Whilst out on my daily walk I occasionally pass by my local triangulation point. Its one of those things that one takes for granted and has faded out of the consciousness like the maps that sprang forth from the work carried out by the early explorers and map makes. Maps are something I have had a long term love of and built up quite a collection of the wonderful Ordnance Survey Maps of places that I had no real idea where they were and just as much chance of visiting as a youngster but learning about the topology and placement of populous of the country in strange snapshots. It seemed a completely alien world in that either it was a urban compression with little outlines crammed into each little square or a rural landscape that I could more understand yet had many subtle and unsubtle differences like woods, larger rivers and intriguing place names. I dreamt of growing up and somehow acquiring a house that I would completely decorate in my maps whilst at the time seemed like a completely logical now would send me crazy not just for the unrelenting brightness but more likely that my life would grind to a halt as I investigated such wondrous place names like Curry Rivel, Beer Crocombe, Shittington and Wetwang!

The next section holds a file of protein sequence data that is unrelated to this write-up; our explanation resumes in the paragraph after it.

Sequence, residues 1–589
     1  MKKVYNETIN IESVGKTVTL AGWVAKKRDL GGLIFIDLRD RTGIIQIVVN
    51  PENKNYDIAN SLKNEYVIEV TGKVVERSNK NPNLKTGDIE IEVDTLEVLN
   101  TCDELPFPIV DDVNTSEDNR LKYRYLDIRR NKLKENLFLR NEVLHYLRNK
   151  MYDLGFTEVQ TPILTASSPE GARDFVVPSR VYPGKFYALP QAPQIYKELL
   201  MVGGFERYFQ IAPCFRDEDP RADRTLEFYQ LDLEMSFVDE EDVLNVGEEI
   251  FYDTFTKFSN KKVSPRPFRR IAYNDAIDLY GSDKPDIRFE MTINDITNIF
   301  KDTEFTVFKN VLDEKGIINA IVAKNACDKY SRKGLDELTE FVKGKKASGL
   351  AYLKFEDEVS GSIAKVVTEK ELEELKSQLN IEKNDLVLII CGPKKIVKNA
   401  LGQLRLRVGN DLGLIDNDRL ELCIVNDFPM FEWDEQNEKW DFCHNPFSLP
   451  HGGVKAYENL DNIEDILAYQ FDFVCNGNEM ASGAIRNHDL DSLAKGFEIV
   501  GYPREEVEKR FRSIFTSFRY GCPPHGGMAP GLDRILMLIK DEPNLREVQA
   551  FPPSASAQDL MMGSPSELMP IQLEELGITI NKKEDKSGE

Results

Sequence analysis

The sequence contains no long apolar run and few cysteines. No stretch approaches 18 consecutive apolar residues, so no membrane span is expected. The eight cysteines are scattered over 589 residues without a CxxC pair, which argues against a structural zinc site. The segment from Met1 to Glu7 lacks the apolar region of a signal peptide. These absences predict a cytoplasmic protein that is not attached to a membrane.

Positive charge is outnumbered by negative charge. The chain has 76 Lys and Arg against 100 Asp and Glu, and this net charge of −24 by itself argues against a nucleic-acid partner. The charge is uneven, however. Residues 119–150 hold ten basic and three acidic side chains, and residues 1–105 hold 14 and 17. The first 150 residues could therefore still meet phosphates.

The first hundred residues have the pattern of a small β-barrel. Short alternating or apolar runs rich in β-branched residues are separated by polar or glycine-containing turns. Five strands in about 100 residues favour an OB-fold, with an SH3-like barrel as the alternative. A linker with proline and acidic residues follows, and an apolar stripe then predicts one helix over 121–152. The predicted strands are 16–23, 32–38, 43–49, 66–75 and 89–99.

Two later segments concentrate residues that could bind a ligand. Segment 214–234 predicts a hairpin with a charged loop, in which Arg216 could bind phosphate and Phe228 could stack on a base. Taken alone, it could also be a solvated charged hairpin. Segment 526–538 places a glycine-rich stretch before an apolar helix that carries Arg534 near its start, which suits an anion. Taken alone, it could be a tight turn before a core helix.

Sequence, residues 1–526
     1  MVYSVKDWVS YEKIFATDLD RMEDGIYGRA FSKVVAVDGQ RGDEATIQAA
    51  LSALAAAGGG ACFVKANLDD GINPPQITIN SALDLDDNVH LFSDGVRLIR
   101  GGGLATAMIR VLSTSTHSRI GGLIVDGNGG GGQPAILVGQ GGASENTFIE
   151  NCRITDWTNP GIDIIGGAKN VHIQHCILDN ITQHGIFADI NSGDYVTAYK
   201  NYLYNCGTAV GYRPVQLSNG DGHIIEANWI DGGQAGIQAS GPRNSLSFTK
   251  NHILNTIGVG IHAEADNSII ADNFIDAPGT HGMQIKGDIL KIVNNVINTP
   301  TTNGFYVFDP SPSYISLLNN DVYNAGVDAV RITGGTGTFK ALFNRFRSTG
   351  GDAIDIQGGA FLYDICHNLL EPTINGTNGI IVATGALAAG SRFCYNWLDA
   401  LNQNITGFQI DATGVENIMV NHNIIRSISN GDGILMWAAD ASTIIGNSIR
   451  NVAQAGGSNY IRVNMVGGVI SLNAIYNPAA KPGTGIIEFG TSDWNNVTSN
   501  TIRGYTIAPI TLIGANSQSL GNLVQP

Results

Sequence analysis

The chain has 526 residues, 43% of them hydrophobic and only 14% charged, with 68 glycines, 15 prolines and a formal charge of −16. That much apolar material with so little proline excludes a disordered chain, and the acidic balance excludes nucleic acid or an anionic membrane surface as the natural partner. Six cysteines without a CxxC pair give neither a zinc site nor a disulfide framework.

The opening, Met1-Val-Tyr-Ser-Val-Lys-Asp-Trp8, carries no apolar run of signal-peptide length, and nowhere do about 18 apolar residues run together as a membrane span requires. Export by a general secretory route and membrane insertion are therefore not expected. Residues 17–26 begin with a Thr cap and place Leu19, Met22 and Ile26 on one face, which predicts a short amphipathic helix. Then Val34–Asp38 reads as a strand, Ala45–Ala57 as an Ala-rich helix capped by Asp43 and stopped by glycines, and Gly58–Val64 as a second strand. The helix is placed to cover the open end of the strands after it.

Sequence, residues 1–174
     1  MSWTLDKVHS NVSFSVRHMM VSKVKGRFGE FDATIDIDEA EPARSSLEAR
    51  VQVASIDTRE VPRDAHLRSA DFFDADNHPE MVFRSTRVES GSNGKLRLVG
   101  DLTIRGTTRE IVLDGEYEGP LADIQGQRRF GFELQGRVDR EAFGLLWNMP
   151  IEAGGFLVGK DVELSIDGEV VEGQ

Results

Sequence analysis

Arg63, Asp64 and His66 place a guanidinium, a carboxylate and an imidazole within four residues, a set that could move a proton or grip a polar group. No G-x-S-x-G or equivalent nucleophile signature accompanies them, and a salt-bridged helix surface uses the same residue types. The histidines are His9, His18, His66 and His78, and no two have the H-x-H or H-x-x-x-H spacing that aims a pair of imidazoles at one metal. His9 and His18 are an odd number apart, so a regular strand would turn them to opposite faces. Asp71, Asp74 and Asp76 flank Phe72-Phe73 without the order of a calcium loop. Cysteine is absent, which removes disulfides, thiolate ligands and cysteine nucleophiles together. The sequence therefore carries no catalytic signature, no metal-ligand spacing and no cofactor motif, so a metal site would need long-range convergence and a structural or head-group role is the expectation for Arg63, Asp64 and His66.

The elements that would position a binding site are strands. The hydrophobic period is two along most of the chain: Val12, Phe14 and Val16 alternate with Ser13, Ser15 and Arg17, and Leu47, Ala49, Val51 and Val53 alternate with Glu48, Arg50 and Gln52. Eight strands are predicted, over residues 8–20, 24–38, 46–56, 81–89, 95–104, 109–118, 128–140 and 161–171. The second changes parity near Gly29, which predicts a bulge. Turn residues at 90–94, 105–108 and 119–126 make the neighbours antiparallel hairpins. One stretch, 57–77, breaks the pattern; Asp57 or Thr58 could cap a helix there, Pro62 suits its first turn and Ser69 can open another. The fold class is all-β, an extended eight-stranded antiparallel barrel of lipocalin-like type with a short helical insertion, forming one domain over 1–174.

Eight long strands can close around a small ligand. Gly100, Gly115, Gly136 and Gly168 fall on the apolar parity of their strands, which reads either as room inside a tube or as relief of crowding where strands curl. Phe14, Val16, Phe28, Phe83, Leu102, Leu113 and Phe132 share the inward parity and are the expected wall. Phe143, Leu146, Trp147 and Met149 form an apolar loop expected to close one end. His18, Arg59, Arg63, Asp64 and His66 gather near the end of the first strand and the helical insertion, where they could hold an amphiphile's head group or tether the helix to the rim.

It is amazing that the use of paper maps has on the whole disappeared from general landscape as we have all falling in love with electronic map apps and GPS to guide us to that distant location, but I still carry a road map not just for the inevitable technological failure that I will have to experience but also when stopping off at far flung places I like to vicariously check out the locale and will never pass by and old OS map without checking it out and pondering if I might need to add it to the collection. I do think that this is one of my weakness but it does give me value and happiness.
So next time your out and about chances are you are not that far from a triangulation point and may you could go an take a look at it. I am sure there is some one in this fair Isle that must have visited each one in the same vein and ‘doing the wainwrights‘ or Monroes. I don’t think I would every go that far but I might get (if I had all of them) out and virtually visit them. On this cold Winters night tucked up in front of the fire I will raise my glass to William Roy and the Ordinance Survey